Tuesday, August 14, 2012
Launch or stay put? Another riff on the subject
Warm water can make up for a lot of mistakes and omissions in sea kayaking. Dressing for immersion lately has involved a pair of shorts and a long sleeved spf 50 Hydroskin top or similar. The lake has been unseasonably warm and part of the decision making process of the group on Devils involved the practiced skills of the paddlers in getting each other back in the boats plus the fact that the meter would not be running as it would be in cold water. Once again however, the lake is indeed the boss. Just yesterday I chastised the GurneyGranny for not being out more in her kayak, my old beloved Gulfstream, in these balmy conditions. She informed me that she had been over in Herbster on the other side of the Bayfield peninsula and balmy water was nowhere to be found after the northeast blow earlier in the week. Sure as hell I checked the surface water temp link and there was 56F water that had welled up from the deep water reserve of 40F water. The motto would be never to leave the neoprene at home on Lake Superior. The 70F water that RangerMark and I were playing in on Sunday near Washburn was twelve crucial degrees colder 25 miles away as the crow flies.
Part two of the decision making reprise is the 'I'm in great shape and can deal with anything' or the 'I'm an expert canoeist/whitewater paddler/swimmer and know what I'm doing'. Both are dead wrong and attitudes that can get you in serious trouble or worse. The young fellow that died in the mainland sea caves a few years back was a super physically fit soccer player at my alma mater UW-EC. He capsized, was pushed into the sea caves by a northwest wind, and was hypothermic by the time help arrived. In August. The very first time I took a Lake Superior trip was with son, CptO, when he was in high school. We went out to Sand Island with Trek & Trail and had an orientation paddle, strokes, wet exits, etc., in two foot waves at T&T beach in Bayfield. Two 'expert' canoeists, a married couple with dozens of BWCA trips under their belt, jumped into a double after giving a cursory and rather disdainful listen to instructions from our guide. Very shortly they were hammered into the sea wall next to the ferry landing and when they got back to the beach they demanded their money back. That was not going to happen back when Greg Sweval was running the joint and I'm not sure it should have. The point is that in order to develop sea kayaking skills you need to sea kayak and train for that particular activity.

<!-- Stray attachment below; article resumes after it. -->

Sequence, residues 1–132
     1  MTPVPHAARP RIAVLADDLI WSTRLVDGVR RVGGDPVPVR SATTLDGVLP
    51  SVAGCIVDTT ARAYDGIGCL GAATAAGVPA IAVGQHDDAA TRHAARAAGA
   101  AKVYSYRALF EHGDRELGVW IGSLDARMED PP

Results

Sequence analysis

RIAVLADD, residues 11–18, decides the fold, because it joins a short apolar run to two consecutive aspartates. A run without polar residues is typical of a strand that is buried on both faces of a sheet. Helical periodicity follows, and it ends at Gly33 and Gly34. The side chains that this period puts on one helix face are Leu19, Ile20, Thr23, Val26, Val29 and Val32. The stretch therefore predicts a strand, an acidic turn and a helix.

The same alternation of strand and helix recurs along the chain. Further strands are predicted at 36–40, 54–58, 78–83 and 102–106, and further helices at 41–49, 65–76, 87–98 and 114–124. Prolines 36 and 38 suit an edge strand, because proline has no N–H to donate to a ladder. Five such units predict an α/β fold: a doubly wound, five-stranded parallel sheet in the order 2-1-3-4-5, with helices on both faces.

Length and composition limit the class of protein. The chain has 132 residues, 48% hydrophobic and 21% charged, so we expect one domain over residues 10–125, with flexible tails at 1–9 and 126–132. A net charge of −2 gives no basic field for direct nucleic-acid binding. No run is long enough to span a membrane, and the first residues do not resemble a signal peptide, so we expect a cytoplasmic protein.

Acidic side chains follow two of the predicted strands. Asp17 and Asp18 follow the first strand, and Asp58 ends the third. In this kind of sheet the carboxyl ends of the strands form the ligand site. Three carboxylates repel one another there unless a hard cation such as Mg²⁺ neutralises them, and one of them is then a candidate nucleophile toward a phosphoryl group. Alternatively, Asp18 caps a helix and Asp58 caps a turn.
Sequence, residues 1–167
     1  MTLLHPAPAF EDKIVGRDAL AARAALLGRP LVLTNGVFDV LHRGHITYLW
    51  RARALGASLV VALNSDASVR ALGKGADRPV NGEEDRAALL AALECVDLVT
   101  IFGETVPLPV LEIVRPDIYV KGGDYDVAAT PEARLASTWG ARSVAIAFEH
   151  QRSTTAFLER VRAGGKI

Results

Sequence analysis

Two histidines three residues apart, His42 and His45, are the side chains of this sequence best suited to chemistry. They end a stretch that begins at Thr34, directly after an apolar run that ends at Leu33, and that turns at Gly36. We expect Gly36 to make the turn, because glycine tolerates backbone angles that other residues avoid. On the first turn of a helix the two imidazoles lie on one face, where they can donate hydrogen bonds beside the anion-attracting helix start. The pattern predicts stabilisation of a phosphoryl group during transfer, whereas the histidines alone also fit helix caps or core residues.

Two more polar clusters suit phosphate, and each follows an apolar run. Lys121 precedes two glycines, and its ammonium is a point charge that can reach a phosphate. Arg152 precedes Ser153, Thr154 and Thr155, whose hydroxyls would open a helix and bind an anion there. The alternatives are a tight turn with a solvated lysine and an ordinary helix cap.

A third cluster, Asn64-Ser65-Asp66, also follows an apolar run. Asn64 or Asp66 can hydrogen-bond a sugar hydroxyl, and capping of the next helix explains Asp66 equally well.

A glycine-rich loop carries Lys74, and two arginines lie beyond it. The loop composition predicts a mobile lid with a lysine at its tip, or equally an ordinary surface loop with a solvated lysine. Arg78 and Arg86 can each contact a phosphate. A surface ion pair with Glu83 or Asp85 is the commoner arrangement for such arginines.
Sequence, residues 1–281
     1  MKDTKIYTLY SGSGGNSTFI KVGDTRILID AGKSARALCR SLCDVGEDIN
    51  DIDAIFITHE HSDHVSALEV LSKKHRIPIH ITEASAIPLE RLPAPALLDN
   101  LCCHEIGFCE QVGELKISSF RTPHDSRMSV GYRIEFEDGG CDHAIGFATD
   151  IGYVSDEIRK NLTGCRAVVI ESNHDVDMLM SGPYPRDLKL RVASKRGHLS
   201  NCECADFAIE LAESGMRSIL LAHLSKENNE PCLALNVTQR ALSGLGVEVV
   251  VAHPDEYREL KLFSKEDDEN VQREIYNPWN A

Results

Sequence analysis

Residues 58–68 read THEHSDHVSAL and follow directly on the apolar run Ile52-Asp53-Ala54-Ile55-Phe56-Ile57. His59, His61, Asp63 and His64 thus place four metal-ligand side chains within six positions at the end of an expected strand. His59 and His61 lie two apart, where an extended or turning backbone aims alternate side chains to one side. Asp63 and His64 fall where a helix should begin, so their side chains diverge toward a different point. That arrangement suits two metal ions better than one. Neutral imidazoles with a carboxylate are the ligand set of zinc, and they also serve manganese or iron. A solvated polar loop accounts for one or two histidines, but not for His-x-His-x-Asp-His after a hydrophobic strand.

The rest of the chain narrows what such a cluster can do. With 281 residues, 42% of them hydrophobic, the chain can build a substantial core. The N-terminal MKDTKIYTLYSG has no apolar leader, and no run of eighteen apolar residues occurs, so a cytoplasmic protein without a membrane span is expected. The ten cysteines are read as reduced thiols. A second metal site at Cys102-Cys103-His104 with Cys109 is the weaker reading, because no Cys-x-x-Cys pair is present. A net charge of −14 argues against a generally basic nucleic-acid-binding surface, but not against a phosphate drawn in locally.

Fast forward to the Bear Spit nine days ago. As the VytautasOTM group set up camp and prepared to hunker down for the evening, a double and a single kayak paddled up. Rather than me paraphrasing it, here is the first hand account from the Grand Duke himself:
Interestingly, we ran into a group headed to Devils on the SE spit of Bear. It was a 14' single and a double. Catalina I think was the name of the boat. The double had about 1.5' of gear on top of the decks between the two paddlers and none of the people had any idea about paddling sea kayaks. There was a lady in a single and a couple in the double. The lady in a single looked like she had a lot of paddling under her belt but she was a WW paddler. The gentleman in the double also said that he had 10 years of WW experience but when I asked him about his experience paddling in the following seas he hadn't had much to offer. I advised them strongly to reconsider the downwind crossing: they had to hit a 40' target in the mouth of the harbor on Devils and, if they blew it, it was either the meeting with the rocks on Devils or Canada on the other side. I did not feel they could rescue each other in the case of a very likely capsize.
Here's the ticker! I had a chance to use Aras' wisdom. I very emphatically painted to this group a romantic picture of the bucolic beach on the NE side of bear with plentiful cliffs and caves around it and a 1/4 mile of pristine brownsand beach! The ladies, at least, totally heard the message and were extra keen to capitalize on the alternative to the crossing to Devils. The man thanked me for the safetymindedness and insisted that he is very capable of making a judgement himself.
Two things come to mind here. The overconfidence in skills that just don't translate well and the very dangerous attitude of 'I know what I'm doing' when its apparent to someone who actually knows what they are doing that you couldn't find your ass with either hand in regard to the situation you are so confident about. Park Rangers encounter this situation all the time. If a person was to sit Ranger Bob and RangerMark down and put a pint in front of them, they would not run out of 'leave me alone, I know what I'm doing' stories until they had to be carried out of the bar.
So kids, look at the damn water surface temperature map and don't leave the neoprene in the car trunk. Also, keep an open mind, especially we bullheaded and testosterone addled males, when you speak with someone who pretty obviously has their 'feces in a group' to use the polite euphemism. Two more factors to load into the mental computer when we decide whether to paddle or not paddle.